It’s a wonder I haven’t written about aloe vera before. It’s such a useful and easy plant to have around. It took the gift of an aloe plant from a dear friend that sparked this post. [Thank you, Sandy!]
Aloe vera (Aloe barbadensis miller) is the cousin of over 500 flowering succulent plants. It has been used medicinally for countless centuries. Cuts and burns heal much faster when gel from the aloe vera plant is applied, making it an excellent plant to have around the kitchen. Native to Africa, the Arabian Peninsula, Jordan, and Madagascar, aloe vera thrives in hot, dry climates and on window sills.
Aloe vera description
Aloe vera plants have triangular, fleshy, often spiked leaves that grow from a central rosette. They vary in color from bright green to nearly gray and can be mottled or striped. The flowers are yellow to orangish-red and tubular. Oblong fruits contain many seeds. These perennial evergreens can hold their own in hot, dry landscapes without any help from homeowners.
Aloe vera as medicine
There are more claims about the medicinal uses for aloe vera than I have room to list. As is usually the case, most of those claims are false. While we would all love simple answers to common problems, life rarely works that way. Claims that sound too good to be true generally end up being false.
The compounds found in aloe vera provide conflicting results. For example, one compound found in aloe vera, alprogen, reduces inflammation and allergic responses, while another component, acemannan, does the opposite. In 2002 aloe vera sap was banned as an OTC laxative by the US FDA. However, reports from the U.S. Department of Health and Human Services tell us that topical applications of aloe vera do provide the following benefits:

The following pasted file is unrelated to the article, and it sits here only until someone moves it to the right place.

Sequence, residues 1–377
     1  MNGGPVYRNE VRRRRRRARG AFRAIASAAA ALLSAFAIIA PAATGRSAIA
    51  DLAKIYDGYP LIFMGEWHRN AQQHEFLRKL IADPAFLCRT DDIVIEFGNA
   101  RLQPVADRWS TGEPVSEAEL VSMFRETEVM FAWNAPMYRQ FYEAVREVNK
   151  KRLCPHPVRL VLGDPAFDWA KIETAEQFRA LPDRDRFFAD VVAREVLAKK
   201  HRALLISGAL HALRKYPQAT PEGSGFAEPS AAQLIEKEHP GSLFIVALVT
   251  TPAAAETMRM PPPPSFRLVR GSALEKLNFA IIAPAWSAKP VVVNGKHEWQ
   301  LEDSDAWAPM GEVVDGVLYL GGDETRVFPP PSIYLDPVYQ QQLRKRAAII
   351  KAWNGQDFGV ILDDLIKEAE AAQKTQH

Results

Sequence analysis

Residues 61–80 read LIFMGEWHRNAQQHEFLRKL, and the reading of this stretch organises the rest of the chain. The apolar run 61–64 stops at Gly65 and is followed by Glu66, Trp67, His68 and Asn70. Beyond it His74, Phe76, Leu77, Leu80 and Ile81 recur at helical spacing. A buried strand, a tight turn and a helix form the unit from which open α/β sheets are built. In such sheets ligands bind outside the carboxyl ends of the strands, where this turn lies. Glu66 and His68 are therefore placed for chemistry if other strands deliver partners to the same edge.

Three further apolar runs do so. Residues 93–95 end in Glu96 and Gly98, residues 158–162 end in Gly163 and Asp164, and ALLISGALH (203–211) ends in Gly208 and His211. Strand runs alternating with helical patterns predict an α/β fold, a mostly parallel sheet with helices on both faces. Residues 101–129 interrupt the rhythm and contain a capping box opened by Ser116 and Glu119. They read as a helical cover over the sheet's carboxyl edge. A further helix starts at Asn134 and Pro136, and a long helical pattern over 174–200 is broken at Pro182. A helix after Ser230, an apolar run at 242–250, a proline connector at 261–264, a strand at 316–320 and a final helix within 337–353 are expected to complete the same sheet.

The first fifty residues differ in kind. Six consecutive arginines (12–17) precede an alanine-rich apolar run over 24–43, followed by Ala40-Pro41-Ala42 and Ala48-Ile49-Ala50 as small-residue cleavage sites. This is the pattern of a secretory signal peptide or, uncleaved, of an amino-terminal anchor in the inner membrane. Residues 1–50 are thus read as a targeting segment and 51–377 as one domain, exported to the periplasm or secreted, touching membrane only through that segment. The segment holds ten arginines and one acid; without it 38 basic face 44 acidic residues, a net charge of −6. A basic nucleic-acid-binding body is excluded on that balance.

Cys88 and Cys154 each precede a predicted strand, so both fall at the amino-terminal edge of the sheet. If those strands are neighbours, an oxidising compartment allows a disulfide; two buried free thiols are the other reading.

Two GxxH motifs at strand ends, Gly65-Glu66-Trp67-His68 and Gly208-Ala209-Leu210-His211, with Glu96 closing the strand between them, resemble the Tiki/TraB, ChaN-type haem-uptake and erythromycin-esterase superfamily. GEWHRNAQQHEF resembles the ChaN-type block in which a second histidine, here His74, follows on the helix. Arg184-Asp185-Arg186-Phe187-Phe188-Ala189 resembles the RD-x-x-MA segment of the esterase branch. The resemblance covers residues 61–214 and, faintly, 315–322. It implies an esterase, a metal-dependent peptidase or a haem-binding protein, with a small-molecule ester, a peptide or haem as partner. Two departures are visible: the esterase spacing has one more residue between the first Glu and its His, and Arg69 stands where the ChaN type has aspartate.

As for all the other claims, research is still ongoing. We will have to wait. While we wait, there’s no reason we can’t grow and enjoy these lovely burn treatments.
How to grow aloe vera
Aloe vera plants are easily grown from leaves taken from parent plants. Just pull off a leaf and stick it in moist soil. These plants take well to containers. Just be sure to allow the soil to dry out between waterings. Overwatering can kill an aloe vera. It can also attract fungus gnats. If you start seeing gnats, sprinkle crumbled mosquito dunk on top of the soil and water it in. The Bacillus thuringiensis bacteria found in these dunks kill fungus gnat larvae, along with mosquitoes.
Aside from the numerous false claims about what aloe vera can do, overwatering and poor drainage can result in several diseases, including aloe rust, anthracnose, bacterial soft rot, basal stem rot, fungal stem rot, leaf rot, and root rot. As always, aphids can turn up in your aloe plants.
Even though aloe vera can’t do all the things claimed in popular media, they are still attractive, useful, and easy plants. Every home should have one. And once you do, you can start taking leaves off and creating gifts for family and friends.
Papaya trees are some odd critters. Besides being delicious, they have three genders.